• Flatten the subfloor. It is rare that the floors in a house are truly flat & this is especially true for older homes. The most common problems are areas where the flooring sinks, squeaks, or bounces when walked on. In most cases, where the level is off only a small amount, this will not deteriorate the integrity of your flooring; however this is not always true if your floor is off substantially. Dealing with a wooden subfloor is much easier to work with than a concrete sub floor; however, in both cases, the easiest solution is to add leveling compound or substrate to low spots while a more intensive procedure is usually grinding down high spots. A flat sub floor will yield flooring that feels nice and solid, and lasts longer. We can help with minor leveling issues, which can be done at time of installation. After the carpet is removed, you will be shown the area of concern and you will be given a price by our office before we proceed. For more intensive leveling issues, which cannot be determined or foreseen at the time of the estimate; it may be recommended you find a professional contractor you trust.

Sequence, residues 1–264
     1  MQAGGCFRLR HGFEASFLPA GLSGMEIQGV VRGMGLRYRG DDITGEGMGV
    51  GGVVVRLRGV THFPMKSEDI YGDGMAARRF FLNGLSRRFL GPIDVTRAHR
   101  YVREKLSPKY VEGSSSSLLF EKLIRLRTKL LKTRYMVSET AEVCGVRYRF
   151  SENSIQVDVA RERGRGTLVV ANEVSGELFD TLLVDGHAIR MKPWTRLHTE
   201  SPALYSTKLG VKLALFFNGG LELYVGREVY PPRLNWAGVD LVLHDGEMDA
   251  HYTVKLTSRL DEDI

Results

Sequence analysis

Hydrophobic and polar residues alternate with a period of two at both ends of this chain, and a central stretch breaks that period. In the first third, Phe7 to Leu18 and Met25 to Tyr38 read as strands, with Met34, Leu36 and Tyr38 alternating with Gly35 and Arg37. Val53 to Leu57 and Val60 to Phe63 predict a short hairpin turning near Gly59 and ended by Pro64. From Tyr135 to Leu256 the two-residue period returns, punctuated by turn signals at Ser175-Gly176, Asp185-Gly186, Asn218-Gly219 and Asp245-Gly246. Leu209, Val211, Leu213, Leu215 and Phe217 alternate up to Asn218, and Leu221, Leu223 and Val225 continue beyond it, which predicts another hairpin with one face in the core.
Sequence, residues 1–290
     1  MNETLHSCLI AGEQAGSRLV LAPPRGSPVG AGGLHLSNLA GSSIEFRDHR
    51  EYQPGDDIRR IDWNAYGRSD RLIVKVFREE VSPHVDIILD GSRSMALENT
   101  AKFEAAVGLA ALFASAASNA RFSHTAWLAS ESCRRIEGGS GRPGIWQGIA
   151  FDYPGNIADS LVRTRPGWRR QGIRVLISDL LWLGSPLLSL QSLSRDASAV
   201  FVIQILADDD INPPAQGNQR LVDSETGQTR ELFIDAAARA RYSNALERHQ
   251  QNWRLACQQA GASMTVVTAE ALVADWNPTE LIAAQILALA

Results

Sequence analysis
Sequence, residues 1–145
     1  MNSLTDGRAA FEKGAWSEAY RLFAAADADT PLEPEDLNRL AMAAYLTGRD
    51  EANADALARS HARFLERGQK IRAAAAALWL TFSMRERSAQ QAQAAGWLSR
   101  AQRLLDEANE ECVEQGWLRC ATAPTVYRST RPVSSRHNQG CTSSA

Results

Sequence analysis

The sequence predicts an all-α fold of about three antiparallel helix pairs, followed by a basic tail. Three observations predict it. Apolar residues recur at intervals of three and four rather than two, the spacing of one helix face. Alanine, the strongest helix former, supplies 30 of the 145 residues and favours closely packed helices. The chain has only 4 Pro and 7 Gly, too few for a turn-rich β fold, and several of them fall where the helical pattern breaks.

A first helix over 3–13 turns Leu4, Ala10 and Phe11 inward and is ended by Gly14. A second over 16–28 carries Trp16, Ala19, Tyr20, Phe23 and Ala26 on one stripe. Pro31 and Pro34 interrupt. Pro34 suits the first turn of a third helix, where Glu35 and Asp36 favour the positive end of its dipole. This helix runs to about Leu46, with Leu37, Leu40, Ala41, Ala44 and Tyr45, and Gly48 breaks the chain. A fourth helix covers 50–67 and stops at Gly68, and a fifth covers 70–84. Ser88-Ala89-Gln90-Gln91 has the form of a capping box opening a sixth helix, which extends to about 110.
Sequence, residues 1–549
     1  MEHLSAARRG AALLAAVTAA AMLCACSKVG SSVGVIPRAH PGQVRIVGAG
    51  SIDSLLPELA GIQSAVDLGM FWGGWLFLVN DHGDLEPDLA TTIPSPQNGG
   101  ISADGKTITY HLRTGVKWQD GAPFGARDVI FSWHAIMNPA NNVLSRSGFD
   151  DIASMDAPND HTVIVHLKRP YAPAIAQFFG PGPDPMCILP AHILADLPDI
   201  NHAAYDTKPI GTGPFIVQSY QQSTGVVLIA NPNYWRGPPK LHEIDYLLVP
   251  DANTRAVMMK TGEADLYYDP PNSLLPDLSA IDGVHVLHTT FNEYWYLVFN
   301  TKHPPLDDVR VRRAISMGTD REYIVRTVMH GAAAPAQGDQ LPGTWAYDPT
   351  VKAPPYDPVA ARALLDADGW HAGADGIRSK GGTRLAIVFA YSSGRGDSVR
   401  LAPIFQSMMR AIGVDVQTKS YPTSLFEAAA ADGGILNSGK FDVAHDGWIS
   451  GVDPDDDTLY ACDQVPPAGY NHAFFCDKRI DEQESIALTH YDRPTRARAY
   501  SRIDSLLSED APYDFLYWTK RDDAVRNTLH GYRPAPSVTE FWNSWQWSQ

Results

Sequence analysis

Are there extra costs that may arise during an install?

  1. Subfloor -Our estimator cannot evaluate the level or general condition of the subfloor/concrete if it is covered by carpeting or furniture. There may be an additional charge if any extra work is required to correct hidden subfloor/concrete problems.
  2. Hidden wires – behind/under baseboards or attached to the bottom of the subfloor must be brought to the estimator’s attention so we can evaluate the best way to proceed without incurring damage, however, Darmaga Hardwood will not be held responsible for any incurred damages to wiring systems. Some wiring systems we have encountered do not conform to building codes so please investigate and /or inform our estimator.
  3. Plastic sheets hung – if you would like we can supply or supply and install.
  4. Furniture moving – if required we can move furniture but we do not move pianos, electronics, or appliances.

Do I need to acclimate the floor before installing?